Primality testing is the process of proving a number is prime (an integer greater than 1 is prime if it is divisible only by itself and 1). It is used in the key generation process for cryptosystems that depend on secret prime numbers, such as the RSA system. Probabilistic primality testing is a process that proves a number has a high probability of being prime.
To generate a random prime number, random numbers are generated (see Question 2.5.2) and tested for primality until one of them is found to be prime (or very likely to be prime, if probabilistic testing is used).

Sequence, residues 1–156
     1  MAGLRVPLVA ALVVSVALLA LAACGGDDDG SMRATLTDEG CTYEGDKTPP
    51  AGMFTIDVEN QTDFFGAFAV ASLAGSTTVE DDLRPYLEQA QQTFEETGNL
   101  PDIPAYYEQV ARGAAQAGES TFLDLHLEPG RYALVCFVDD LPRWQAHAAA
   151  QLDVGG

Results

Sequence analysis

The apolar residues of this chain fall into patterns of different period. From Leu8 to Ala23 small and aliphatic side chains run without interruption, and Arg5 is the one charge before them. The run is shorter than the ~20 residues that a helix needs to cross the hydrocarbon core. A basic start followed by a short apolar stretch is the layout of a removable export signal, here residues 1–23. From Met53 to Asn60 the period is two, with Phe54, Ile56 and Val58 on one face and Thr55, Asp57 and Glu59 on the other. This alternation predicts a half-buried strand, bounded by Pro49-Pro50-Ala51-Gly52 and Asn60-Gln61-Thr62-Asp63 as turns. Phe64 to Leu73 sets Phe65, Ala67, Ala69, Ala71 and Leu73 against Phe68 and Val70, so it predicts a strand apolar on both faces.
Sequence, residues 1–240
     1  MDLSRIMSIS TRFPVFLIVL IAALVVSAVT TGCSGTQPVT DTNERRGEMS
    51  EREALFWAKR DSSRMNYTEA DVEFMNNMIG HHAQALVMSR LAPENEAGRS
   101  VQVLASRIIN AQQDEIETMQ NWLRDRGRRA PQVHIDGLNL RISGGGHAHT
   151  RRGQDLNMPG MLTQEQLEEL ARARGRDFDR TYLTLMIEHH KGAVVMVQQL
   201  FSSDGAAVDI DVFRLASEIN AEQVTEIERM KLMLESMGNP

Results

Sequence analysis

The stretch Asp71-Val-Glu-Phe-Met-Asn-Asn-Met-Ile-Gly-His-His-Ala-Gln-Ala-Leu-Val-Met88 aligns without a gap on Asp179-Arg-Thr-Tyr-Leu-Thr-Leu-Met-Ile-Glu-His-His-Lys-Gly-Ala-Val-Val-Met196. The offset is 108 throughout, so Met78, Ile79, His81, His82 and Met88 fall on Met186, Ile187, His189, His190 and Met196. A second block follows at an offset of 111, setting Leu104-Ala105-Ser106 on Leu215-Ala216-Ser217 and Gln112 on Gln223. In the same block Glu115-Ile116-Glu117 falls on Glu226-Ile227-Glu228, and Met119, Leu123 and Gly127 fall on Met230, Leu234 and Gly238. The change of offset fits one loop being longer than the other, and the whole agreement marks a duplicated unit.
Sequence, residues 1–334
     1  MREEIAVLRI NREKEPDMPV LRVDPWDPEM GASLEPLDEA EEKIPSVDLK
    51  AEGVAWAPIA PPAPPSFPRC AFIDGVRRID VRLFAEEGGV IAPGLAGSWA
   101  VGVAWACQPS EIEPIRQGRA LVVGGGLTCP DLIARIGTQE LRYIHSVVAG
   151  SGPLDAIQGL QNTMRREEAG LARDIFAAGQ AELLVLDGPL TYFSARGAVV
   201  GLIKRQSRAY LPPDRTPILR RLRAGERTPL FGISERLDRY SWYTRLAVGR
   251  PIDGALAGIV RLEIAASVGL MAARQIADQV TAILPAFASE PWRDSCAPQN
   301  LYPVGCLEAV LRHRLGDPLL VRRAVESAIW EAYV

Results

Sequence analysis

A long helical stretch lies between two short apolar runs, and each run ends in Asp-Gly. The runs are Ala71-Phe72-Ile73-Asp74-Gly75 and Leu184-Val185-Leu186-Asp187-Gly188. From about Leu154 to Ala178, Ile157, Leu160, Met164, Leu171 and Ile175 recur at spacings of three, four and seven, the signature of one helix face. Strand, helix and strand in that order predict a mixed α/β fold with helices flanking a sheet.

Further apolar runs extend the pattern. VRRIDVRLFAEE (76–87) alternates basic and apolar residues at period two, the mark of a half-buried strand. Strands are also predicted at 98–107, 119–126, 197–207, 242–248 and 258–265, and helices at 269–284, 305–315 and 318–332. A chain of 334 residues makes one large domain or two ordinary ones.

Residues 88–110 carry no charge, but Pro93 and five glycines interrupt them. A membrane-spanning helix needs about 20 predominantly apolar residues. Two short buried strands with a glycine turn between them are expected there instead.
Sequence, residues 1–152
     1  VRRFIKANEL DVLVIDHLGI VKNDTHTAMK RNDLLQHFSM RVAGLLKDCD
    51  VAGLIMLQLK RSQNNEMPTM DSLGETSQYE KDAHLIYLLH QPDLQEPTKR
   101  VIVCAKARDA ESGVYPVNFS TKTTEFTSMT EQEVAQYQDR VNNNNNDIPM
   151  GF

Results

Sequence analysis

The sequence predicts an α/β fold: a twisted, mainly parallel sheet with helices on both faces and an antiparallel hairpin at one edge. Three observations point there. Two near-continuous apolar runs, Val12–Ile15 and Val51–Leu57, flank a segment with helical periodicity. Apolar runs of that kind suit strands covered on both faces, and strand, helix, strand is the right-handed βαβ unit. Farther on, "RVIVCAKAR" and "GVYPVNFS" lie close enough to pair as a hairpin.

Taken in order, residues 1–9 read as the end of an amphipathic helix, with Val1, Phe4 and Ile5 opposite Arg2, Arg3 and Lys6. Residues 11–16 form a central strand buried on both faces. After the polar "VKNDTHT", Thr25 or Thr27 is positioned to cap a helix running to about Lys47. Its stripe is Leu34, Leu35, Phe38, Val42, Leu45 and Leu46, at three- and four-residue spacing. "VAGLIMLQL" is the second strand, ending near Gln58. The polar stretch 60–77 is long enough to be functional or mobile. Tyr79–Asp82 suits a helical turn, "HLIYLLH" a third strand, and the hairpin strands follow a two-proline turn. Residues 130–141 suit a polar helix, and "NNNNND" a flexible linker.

It is generally recommended to use probabilistic primality testing, which is much quicker than actually proving a number is prime. One can use a probabilistic test that determines whether a number is prime with arbitrarily small probability of error, say, less than 2-100. For further discussion of some primality testing algorithms, see [BBC88]. For some empirical results on the reliability of simple primality tests, see [Riv91a]; one can perform very fast primality tests and be extremely confident in the results. A simple algorithm for choosing probable primes was analyzed by Brandt and Damgård [BD93b].